Another pandemic was the focus of U.S. Supreme Court arguments Tuesday morning: the HIV/AIDS pandemic.
On day two of the high court’s unprecedented livestream oral arguments, the justices seemed likely to strike down the requirement that foreign entities adopt an explicit policy against prostitution and sex trafficking in order to receive federal funding to combat human immunodeficiency virus and acquired immune deficiency syndrome abroad.
The court struck down the same requirement as it applied to U.S. entities in 2013, saying that it’s “a basic First Amendment principle that freedom of speech prohibits the government from telling people what they must say.”
But those U.S. entities say they’re still being compelled to speak since their foreign affiliates are required to follow the requirement. “They speak as one, make speech and policy decisions together, and are indistinguishable to the public,” said WilmerHale attorney David Bowker, who argued for the U.S. groups in both cases.
There’s no way for the American entity to disavow the foreign affiliate’s policy “without appearing hypocritical and without appearing to engage in doublespeak,” Bowker said.
They share “the same name, same logo, same brand,” observed Chief Justice John Roberts.
Even so, the entities are separate legal entities, said attorney Christopher Michel, arguing for the federal government. That has advantages and disadvantages, he added. They have to “accept the bitter with the sweet.”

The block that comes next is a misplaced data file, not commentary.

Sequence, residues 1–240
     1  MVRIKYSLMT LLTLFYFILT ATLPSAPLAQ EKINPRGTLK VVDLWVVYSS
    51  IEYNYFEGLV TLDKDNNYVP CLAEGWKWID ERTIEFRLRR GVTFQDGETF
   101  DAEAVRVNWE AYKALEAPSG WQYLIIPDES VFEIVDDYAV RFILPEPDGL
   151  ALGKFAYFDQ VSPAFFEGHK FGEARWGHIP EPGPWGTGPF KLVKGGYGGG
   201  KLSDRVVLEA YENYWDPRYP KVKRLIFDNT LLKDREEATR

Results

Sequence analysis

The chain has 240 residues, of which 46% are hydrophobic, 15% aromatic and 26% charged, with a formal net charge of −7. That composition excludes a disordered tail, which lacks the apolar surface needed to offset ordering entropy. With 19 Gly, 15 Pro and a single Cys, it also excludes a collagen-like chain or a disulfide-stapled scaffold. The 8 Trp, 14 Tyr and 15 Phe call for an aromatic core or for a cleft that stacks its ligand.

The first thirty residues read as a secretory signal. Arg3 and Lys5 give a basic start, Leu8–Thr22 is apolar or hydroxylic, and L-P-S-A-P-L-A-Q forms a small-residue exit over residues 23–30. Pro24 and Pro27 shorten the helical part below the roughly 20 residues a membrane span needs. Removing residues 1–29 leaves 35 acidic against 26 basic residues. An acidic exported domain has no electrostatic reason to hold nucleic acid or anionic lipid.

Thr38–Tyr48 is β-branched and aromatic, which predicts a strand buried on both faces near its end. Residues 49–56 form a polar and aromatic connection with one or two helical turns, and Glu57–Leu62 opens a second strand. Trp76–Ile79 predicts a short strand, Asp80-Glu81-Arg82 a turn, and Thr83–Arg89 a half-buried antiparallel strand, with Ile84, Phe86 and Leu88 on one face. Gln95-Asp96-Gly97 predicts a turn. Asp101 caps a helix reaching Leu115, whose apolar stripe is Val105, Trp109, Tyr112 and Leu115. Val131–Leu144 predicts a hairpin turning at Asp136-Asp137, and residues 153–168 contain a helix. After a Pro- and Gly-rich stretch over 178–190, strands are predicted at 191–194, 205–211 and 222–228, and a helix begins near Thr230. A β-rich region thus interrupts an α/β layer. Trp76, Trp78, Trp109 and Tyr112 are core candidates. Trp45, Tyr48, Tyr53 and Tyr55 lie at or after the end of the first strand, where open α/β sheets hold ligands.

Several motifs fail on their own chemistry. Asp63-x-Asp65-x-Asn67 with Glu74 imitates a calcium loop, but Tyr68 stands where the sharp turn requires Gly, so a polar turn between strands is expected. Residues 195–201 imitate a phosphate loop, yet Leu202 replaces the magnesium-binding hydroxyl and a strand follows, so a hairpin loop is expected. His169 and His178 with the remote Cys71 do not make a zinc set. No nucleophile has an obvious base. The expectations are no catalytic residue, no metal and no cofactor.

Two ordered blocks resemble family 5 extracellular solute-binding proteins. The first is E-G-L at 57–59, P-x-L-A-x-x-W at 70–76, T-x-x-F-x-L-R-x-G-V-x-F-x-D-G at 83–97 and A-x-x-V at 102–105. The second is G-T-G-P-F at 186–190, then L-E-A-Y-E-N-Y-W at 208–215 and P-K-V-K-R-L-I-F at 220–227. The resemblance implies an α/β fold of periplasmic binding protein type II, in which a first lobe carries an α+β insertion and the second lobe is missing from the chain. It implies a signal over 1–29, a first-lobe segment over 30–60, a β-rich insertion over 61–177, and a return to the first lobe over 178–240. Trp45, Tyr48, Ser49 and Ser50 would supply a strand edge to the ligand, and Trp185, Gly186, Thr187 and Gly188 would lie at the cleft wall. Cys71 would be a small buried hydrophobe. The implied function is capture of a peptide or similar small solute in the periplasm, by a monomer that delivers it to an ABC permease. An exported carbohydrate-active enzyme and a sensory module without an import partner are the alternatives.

Since passing the Leadership Act in 2003 to help tackle the disease, the U.S. “has committed nearly 80 billion dollars to global AIDS relief, and it has worked, saving more than 17 million lives in the most successful American foreign aid effort since the Marshall Plan,” Michel said.
But the Supreme Court’s prior case law suggests that the First Amendment is less concerned with legal formalities than with perception, Justice Sonia Sotomayor said.
She pointed to the court’s 2014 decision in Burwell v. Hobby Lobby finding that closely held corporations could get an exemption from Obamacare requirements based on the religious objections of their owners.
It is really “reasonable to insist on formal corporate ties” here? Roberts asked.
Some justices were concerned what impact the case could have for other federal programs.
What “concerns me today is not so much the immediate impact of a decision in your favor but where it would lead,” Justice Samuel Alito told Bowker. “I am concerned that it will force Congress either to withhold foreign aid entirely or to allow foreign aid to be used in ways that are contrary to the interests of the people of this country.”
Justice Brett Kavanaugh asked if the government could require entities working in the Middle East to “explicitly recognize Israel as a legitimate state” in order to get funding.
“I think that’s a harder case,” Bowker responded. But he added that applying the policy “to foreign members of these tight-knit international entities fighting HIV/AIDS overseas puts words in the mouths of the U.S. members of those entities.”
Michel, though, suggested that was an exaggeration. All that’s required of the foreign entities is that the “make the statement in a letter to USAID.” They aren’t required “to shout it from the mountaintops.”
The case came before the court amid a two-week session during which counsel are literally phoning in their arguments while the Supreme Court abides social distancing requirements necessitated by the coronavirus outbreak.
For the second day in a row, Sotomayor seemed to forget to take herself off mute before asking questions.
“I’m sorry, chief, I did it again,” Sotomayor said after Roberts’ prompts.
The case is USAID v. Alliance For Open Society International, Inc., U.S., No. 19-177, argued 5/5/20.